What the Ale! How to Pick a Beerfest That Isn’t a Complete Dumpster Fire

Drinking buddies. Photo by Cynthia Rebolledo

You may get a notification on Facebook or Instagram with a buddy tagging your name on some sponsored beer festival’s post. It would say something like, “Bro/Chica we should go!” But slow your roll. I’ve been to hundreds of beer festivals, and it lately seems as if everyone is trying to cash in on the craft movement.

Sadly, not only do these people not know anything about beer, but it also seems as though they know nothing about producing a quality event. Here are my top five things to look for to avoid a total shitshow:

1. Are tickets on a daily deal website? Chances are the event will be oversold. This usually means a long line to get in, revolving lines for average beer, huge lines to pee, lines for food—and no water. Such sites might be great for dog grooming or spa sessions, but they’re never good for a beer festival.

2. Does the festival website list only breweries that are available inside Angel Stadium? Unfortunately, most of those brands are not actual craft breweries, and the beer you’ll be served is likely available year-round at your local 7-Eleven. Look for Saint Archer, Elysian, Blue Point, Goose Island, Golden Road or 10 Barrel: If you see them, save your money, dress up in lederhosen/dirndl and take your party to a convenience store.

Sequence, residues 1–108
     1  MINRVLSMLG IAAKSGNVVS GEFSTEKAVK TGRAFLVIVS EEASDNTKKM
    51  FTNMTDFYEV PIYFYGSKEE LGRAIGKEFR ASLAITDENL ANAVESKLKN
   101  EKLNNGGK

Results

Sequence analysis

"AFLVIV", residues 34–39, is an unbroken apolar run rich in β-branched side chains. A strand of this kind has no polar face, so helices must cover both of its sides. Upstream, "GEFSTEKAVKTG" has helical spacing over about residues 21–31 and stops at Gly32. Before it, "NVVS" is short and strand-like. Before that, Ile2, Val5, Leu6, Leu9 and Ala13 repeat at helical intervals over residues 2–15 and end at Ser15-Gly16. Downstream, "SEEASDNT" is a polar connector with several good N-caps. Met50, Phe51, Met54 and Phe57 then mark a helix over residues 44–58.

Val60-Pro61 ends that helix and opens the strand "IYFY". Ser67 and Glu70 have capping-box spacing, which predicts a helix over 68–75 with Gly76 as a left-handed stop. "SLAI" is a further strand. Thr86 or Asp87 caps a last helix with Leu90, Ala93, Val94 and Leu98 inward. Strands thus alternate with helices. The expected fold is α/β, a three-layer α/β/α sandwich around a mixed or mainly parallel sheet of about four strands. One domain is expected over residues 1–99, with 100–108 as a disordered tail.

3. Is the festival in a parking lot? Mmmm, there’s nothing more awesome than navigating a maze of collapsible canopies on hot summertime blacktop. Look for a festival that has trees, grass, sand, or some other comfortable space to enjoy the day.

4. Does the event support a nonprofit? Craft brewers are great about donating their beer to support the community, so if you see local independent breweries supporting an event, it’s because they believe in the festival producers. If you don’t, skip it.

5. Does the festival use terms such as suds, ice-cold beer or microbrews? These are antiquated terms by today’s standards, and you should probably stay clear.

Greg Nagel has been writing about beer since 2011, is an avid homebrewer of wine, cider, and beer, is a certified Cicerone Beer Server, a podcaster with the Four Brewers Show, and runs a yearly beer festival called Firkfest. When not writing about, photographing or filming beer, cocktails, and food, he can be found talking trash while playing Battlefield V under the name “OCBeer.”

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